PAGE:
Latest in Japan

Image credit:

Japan planning its own damn space ladder

Tim Stevens
09.24.08
Share
Tweet
Share

Sponsored Links



If the third time is the charm, yet you botch that attempt just like the earlier two, then what? That's the problem facing NASA and its Space Elevator Challenge, which has for three successive years failed to live up to the vision of Arthur C. Clarke. Japan isn't waiting for a fourth, announcing plans to spend $7.3 billion on its own lift to whisk passengers (and cargo) 22,000 miles aloft on composite cables. It's the cables that are the problem, as they need to be 180 times stronger than steel and obviously much, much lighter. The Japanese are focusing on carbon nanotubes, and while they will need to be engineered four times stronger than current stock before they're up to the task, their highly conductive nature means they can not only support the lift vehicle but also power it. Useful, that, because the ride up could take a couple of days or even weeks, and astronauts will need some way to recharge their PMPs.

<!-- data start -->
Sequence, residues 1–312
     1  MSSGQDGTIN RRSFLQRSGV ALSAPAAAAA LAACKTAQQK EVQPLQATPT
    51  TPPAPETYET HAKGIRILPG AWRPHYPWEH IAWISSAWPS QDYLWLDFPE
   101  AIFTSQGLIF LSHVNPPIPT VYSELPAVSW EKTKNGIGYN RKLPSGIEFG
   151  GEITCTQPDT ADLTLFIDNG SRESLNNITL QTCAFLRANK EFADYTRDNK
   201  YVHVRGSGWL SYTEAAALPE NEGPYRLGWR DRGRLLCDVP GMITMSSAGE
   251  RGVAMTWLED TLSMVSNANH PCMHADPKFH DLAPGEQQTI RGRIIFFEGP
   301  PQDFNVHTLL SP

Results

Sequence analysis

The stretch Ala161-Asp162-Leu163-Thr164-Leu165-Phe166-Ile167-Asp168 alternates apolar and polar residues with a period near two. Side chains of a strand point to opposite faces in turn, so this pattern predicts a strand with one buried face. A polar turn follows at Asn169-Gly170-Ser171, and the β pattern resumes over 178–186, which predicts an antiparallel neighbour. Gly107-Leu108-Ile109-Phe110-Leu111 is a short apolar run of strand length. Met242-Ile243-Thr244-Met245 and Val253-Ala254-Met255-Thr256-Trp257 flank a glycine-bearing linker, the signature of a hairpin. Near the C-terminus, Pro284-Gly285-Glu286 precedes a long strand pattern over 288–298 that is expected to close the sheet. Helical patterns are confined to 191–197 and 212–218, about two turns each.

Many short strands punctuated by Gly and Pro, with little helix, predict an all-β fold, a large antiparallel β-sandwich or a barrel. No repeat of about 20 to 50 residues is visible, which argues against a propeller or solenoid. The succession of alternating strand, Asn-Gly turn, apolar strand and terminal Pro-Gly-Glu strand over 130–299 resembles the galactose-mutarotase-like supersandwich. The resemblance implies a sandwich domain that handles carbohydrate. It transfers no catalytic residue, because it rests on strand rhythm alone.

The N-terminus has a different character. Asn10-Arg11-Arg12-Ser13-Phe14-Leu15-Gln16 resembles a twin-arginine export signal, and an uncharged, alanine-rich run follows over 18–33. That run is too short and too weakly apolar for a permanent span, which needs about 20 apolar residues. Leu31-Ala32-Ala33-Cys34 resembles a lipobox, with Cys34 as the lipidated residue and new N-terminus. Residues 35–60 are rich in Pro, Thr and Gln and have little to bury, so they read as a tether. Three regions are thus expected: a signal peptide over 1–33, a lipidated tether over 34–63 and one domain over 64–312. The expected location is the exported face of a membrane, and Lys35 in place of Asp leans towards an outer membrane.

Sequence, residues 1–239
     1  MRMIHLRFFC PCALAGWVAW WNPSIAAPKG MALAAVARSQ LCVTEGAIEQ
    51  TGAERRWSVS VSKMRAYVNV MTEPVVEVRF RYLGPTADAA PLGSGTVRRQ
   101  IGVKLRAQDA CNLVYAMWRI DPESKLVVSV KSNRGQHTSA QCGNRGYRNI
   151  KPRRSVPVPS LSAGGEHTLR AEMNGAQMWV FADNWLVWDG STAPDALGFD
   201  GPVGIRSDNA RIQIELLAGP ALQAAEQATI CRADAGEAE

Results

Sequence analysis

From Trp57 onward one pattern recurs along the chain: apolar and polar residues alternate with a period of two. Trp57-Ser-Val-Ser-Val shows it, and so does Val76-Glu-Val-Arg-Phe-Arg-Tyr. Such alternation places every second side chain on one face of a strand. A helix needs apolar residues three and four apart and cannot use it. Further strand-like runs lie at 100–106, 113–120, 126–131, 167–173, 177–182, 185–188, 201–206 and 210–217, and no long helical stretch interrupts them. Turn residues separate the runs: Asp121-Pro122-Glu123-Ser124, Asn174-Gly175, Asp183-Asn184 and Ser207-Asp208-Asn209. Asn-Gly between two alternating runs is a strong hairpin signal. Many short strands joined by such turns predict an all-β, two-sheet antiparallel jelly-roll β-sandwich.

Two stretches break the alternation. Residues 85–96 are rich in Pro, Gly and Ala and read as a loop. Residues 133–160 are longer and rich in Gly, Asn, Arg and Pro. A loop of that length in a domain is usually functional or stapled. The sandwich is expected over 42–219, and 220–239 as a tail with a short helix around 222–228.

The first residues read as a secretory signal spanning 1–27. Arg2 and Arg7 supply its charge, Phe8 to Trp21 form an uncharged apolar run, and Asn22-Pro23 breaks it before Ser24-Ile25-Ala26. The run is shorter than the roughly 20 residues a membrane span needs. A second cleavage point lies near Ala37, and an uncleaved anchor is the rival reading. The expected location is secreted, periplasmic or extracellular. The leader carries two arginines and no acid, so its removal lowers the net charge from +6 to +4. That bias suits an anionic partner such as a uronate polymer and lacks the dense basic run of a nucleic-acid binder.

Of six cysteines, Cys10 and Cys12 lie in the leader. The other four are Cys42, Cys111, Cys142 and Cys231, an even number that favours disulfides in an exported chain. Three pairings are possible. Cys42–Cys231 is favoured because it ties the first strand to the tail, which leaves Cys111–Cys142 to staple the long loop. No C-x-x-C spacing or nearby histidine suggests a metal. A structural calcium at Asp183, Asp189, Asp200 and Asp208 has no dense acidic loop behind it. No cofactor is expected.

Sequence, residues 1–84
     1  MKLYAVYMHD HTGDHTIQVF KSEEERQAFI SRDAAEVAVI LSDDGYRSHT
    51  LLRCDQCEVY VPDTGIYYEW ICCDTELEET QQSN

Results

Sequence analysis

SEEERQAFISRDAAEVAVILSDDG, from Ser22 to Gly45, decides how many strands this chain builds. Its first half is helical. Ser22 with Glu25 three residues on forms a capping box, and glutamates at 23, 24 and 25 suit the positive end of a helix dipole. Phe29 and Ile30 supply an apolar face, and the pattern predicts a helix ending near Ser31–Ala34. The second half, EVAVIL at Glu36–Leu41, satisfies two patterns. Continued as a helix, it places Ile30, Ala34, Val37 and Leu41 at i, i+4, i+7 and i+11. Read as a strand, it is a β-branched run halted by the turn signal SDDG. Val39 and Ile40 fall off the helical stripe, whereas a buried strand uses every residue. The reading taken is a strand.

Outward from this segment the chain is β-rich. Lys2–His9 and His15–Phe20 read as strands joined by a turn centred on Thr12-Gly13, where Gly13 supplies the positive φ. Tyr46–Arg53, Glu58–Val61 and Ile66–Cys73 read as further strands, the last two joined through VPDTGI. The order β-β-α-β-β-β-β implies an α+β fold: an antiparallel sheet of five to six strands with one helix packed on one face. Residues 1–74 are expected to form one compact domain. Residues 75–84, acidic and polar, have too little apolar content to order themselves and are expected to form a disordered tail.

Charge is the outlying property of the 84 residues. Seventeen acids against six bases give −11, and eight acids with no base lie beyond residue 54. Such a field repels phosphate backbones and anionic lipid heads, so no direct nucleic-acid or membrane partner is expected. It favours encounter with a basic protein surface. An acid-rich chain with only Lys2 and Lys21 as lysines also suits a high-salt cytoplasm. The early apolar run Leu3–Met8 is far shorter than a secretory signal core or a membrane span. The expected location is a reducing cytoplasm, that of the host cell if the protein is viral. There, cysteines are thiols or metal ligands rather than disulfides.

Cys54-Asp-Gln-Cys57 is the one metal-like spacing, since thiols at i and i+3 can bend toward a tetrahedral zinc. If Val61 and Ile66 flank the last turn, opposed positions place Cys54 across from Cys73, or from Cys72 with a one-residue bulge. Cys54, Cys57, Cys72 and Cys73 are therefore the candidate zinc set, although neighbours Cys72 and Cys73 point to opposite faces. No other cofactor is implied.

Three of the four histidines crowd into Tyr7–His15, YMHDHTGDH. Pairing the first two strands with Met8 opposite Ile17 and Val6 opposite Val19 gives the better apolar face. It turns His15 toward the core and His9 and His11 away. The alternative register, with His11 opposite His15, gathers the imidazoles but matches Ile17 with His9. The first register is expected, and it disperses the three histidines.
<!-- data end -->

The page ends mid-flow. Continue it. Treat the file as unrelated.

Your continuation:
All products recommended by Engadget are selected by our editorial team, independent of our parent company. Some of our stories include affiliate links. If you buy something through one of these links, we may earn an affiliate commission.
Share
Tweet
Share

Popular on Engadget

Sony indefinitely delays ‘The Last of Us Part II’

Sony indefinitely delays ‘The Last of Us Part II’

View
NASA successfully deploys the James Webb Telescope's enormous mirror

NASA successfully deploys the James Webb Telescope's enormous mirror

View
Nikon is streaming online photography courses for free this month

Nikon is streaming online photography courses for free this month

View
NASA's iconic 'worm' logo will adorn the Falcon 9 Crew Dragon rocket

NASA's iconic 'worm' logo will adorn the Falcon 9 Crew Dragon rocket

View
Amazon's latest Blink camera costs just $35

Amazon's latest Blink camera costs just $35

View

From around the web

Page 1Page 1ear iconeye iconFill 23text filevr